When a person holds his breath in for too long, the amount of carbon dioxide in his body begins to accumulate, according to The Science Creative Quarterly. He may start feeling a burning sensation in his lungs.
When the level of carbon dioxide becomes too high, painful contractions begin in the ribs and in the diaphragm. The pain is a signal that the person needs to exhale. The body and brain start to suffer from a lack of oxygen. The critical line refers to the moment when a person accumulates so much carbon dioxide in his body that he begins to feel pain. Hyperventilating is one way to delay the critical line moment, but hyperventilating is also dangerous, notes The Science Creative Quarterly. Hyperventilation can result in unconsciousness because it undermines the body's signals to breathe.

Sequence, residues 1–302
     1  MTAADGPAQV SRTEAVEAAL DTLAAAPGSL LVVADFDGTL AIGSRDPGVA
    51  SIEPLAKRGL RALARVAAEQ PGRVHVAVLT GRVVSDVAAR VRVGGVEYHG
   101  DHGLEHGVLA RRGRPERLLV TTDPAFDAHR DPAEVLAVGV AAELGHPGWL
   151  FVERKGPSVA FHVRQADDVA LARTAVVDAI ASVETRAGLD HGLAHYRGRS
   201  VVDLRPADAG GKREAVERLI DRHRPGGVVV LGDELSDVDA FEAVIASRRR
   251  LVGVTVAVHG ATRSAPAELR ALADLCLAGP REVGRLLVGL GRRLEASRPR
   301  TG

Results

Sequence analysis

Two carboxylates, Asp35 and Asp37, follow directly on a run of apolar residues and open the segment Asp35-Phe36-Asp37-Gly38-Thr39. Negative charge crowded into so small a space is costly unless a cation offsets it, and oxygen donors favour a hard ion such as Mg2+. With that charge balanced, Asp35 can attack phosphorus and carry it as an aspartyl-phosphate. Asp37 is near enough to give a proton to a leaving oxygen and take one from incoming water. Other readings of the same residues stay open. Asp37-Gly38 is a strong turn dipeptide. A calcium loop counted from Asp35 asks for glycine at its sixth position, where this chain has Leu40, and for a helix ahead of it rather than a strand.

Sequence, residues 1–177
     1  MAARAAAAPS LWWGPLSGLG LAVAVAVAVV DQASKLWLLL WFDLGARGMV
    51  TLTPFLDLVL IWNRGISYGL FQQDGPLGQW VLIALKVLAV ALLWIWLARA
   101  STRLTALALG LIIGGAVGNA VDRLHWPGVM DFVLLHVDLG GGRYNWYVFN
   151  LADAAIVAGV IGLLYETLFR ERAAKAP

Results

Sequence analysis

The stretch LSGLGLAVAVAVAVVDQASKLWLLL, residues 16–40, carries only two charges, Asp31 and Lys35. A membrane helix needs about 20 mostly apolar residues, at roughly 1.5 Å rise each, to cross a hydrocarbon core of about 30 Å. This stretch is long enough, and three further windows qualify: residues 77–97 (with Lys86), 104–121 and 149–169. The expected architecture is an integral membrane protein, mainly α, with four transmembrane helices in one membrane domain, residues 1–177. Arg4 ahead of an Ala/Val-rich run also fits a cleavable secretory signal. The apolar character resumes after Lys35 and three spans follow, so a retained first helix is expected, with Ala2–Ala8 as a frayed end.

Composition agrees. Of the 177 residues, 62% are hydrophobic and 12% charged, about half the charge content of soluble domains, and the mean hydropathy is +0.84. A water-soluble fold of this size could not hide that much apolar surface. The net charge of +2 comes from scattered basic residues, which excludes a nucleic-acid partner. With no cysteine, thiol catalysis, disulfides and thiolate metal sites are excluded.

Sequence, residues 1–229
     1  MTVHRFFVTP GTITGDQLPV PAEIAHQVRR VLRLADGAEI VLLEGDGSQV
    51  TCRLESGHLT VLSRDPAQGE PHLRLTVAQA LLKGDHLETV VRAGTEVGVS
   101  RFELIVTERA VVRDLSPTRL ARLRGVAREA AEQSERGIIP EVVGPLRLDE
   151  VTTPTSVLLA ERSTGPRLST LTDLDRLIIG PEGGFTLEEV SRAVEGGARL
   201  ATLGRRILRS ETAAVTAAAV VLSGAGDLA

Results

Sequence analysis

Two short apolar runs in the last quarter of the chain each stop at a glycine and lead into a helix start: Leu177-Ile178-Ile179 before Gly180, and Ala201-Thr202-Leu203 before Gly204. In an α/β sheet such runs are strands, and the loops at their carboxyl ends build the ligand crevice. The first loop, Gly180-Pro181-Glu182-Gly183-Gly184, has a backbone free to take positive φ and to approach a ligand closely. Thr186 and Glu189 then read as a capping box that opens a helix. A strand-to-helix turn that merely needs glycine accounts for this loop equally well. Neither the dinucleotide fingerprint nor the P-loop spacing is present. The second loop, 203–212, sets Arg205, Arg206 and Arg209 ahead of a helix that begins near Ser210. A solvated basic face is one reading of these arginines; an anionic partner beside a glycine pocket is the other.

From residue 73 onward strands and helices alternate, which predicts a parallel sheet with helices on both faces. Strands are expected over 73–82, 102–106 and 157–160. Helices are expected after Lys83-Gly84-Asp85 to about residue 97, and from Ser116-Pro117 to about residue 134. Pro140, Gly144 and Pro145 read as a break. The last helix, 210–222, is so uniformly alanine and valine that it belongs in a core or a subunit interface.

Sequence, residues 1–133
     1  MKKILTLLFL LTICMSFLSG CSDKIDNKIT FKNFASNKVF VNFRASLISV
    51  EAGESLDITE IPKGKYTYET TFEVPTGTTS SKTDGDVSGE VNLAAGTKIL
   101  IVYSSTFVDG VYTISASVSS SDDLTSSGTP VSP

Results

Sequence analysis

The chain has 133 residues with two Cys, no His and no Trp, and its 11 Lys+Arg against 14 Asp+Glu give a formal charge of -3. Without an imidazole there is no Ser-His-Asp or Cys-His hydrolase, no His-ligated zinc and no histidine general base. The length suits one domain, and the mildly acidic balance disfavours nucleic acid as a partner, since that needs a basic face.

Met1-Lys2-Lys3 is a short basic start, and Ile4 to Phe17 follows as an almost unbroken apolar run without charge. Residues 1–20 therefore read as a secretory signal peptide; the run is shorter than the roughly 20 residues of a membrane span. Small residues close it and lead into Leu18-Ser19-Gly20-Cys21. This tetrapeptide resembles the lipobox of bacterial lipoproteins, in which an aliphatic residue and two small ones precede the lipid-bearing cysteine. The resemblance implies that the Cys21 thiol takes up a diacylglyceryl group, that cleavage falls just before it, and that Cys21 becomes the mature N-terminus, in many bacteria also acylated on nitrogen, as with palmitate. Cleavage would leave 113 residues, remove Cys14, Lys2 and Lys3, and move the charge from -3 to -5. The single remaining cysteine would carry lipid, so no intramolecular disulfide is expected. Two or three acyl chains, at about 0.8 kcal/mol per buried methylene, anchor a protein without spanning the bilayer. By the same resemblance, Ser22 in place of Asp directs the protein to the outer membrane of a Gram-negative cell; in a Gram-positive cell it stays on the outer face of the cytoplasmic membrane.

The effects of breath holding on the brain are not yet clear, according to The New York Times. Scientists from the University of Queensland conducted neuropsychological tests on free divers to examine the way their brains behaved compared to people who did not free dive. They found that the free divers' brains responded normally in visual, language and recall tests. A SPECT brain scan showed some abnormalities in five free divers' brains, but scientists were uncertain of the significance of the findings.